BRIEF: ICC Report to the UN Released

The International Criminal Court’s third annual report to the United Nations, covering the period of 1 August 2006 to 1 August 2007 is now available.   The Prosecutor continued to investigate and prosecute the situations in the Democratic Republic of Congo, Uganda, Sudan, and the Central African Republic.   At the end of the reporting period, six warrants of arrest were still outstanding – two regarding the situation in Darfur, and four regarding Uganda.  The warrants for persons related to the conflict in Uganda have been outstanding since July 2005.   

Download icc_20062007_report.pdf

BRIEF: Children Tortured in Iraqi Prisons

BAGHDAD, Iraq-  Local NGOs have raised concerns regarding reports that children have been tortured and abused while being interrogated in Iraqi prisons.

“‘Children are being treated as adults in Iraqi prisons and our investigations have shown that they are being abused and tortured,’ said Khalid Rabia’a, a spokesman for the Prisoners’ Association for Justice (PAJ).”  (IRIN)

Mr. Rabia’a cited an example of five child prisoners who were between 13 and 17.  The children were interrogated because the Iraqi military operators had suspected that the children were supporting insurgents.  “‘The five children showed signs of torture all over their bodies.  Three had marks of cigarettes burns over their legs and one couldn’t speak as the shock sessions affected his conversation,’ Rabia’a said.” (IRIN)

The Iraqi government has denied the allegations and stated that those individuals who have abused adults or children through the prison system have been eliminated and punished.  However according to the IRIN, at least 220 children are being held in the Iraqi prisons.  An Iraqi official, who requesting anonymity, stated to IRIN that under his watch alone there were 20 children held captive and being abused.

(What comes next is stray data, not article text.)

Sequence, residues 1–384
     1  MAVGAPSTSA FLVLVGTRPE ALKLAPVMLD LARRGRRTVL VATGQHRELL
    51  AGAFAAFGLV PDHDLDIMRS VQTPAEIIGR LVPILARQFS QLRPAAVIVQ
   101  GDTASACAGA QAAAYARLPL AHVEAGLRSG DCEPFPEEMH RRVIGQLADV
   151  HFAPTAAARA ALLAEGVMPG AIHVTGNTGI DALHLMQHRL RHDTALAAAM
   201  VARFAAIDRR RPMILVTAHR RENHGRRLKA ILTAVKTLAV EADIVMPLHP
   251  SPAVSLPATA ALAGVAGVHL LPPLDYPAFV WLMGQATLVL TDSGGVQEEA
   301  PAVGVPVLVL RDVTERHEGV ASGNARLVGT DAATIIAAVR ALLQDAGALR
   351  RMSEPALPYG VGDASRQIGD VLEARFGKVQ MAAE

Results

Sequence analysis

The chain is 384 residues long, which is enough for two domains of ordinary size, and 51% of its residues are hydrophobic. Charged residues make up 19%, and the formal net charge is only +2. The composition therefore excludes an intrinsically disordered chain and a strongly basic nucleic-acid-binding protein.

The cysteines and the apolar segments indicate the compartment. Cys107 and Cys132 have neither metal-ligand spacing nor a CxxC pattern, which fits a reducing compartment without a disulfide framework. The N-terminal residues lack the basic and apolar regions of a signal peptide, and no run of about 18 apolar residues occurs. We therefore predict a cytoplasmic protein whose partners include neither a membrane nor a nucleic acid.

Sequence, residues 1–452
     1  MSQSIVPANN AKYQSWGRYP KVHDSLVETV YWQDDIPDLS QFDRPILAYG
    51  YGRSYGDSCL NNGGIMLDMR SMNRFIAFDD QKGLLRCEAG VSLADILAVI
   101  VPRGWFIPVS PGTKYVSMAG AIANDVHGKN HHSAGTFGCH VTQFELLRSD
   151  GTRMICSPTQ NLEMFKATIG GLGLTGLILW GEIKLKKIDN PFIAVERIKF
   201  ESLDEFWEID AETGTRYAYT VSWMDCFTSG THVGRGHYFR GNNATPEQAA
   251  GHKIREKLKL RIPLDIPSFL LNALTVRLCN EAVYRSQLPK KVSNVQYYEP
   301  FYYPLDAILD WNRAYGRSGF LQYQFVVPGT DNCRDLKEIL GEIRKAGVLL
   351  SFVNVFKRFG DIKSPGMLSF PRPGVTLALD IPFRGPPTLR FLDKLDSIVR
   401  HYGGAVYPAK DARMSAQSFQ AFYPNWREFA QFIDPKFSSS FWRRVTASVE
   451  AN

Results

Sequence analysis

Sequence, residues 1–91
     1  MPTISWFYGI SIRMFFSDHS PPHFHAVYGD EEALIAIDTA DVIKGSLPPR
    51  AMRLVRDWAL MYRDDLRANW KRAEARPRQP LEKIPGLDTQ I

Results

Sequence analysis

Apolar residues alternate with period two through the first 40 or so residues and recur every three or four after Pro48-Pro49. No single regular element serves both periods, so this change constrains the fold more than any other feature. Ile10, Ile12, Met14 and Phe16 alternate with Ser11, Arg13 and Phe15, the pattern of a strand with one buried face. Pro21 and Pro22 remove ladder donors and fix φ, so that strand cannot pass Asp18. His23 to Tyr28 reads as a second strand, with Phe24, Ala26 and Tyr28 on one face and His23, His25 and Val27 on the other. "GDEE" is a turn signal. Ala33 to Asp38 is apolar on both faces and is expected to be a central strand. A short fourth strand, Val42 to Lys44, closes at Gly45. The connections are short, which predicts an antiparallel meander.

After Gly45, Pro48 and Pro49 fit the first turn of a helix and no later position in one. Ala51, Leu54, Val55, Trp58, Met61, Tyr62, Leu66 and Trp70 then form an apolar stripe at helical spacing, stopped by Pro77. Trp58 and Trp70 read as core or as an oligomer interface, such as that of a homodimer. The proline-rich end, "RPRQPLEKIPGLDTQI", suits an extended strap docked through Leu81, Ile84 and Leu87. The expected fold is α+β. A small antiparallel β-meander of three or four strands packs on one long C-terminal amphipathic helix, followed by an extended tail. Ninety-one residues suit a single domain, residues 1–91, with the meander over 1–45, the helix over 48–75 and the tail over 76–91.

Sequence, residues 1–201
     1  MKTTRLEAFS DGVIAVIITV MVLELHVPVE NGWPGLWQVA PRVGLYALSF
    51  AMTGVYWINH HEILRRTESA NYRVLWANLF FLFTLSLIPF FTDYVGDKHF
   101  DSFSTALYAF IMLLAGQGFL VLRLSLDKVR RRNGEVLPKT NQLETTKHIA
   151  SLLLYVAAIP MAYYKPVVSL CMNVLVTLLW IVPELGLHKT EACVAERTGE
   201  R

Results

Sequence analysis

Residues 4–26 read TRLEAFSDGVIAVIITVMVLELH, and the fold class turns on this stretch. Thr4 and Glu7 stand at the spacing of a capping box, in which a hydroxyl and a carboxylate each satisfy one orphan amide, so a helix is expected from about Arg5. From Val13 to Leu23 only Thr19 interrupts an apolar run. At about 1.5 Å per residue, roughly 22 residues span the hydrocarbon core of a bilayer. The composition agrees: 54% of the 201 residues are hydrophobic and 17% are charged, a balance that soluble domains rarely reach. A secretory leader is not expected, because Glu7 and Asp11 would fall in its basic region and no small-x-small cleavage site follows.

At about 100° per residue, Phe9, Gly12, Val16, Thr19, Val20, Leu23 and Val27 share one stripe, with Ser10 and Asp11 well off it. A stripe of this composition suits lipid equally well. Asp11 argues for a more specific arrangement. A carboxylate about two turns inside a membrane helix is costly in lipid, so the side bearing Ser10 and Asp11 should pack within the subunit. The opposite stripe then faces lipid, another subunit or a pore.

The problem has been acknowledged by Iraqi Vice President Tarek al-Hashimy, who is beginning a campaign to end child abuse.

For more information, please see:

IRIN Middle East- IRAQ: Child prisoners abused and tortured, say activists- 25 October 2007

Nigeria’s Parliamentary Speaker Resigns After Scandal

By Meryl A. White
Impunity Watch Reporter, Western and Central Africa

ABUJA, Nigeria – Patricia Etteh, Nigeria’s House of Representatives Parliamentary Speaker, has resigned after being found guilty of awarding contracts worth five million to refurbish houses and buy vehicles. Records show that Mrs. Etteh bought twelve cars and renovated her and her deputy’s residence.

President Umaru Yar’Adua, who promised zero tolerance on corruption, did not want to intervene in this situation. This affair has gripped the attention of the nation and has become a huge embarrassment for the President. Yesterday, President Umaru Yar’Adua stated that he would not make Speaker Etteh resign from the office.

The scandal surrounding Etteh became so controversial this month that a pro Etteh MP collapsed and died at Parliament.

The Odu’a Youth Leader’s Forum (OYLF) called for Etteh to resign and for the speaker pro tempore to preside over the Idoko panel report. Moreover, members of the House threatened to impeach Etteh if she did not step down from her position.

Just today, the lower house elected Terngu Tsegba, from the opposition party as the acting speaker. Mr. Tsegba will preside over the Iroko debate, which is expected to last for one week. In the near future, the Nigerian Parliament will hold an election to replace Mrs. Etteh.

For more information, please see:

All Africa – Nigeria: I Will Not Ask Etteh to Step Down – Yar’Adua – 30 October 2007

BBC- Nigeria speaker goes in graft row – 30 October 2007

All Africa – Nigeria: They Offered Me Bribe – Etteh – 22 October 2007


BRIEF: Israel’s AG suspends Gaza sanctions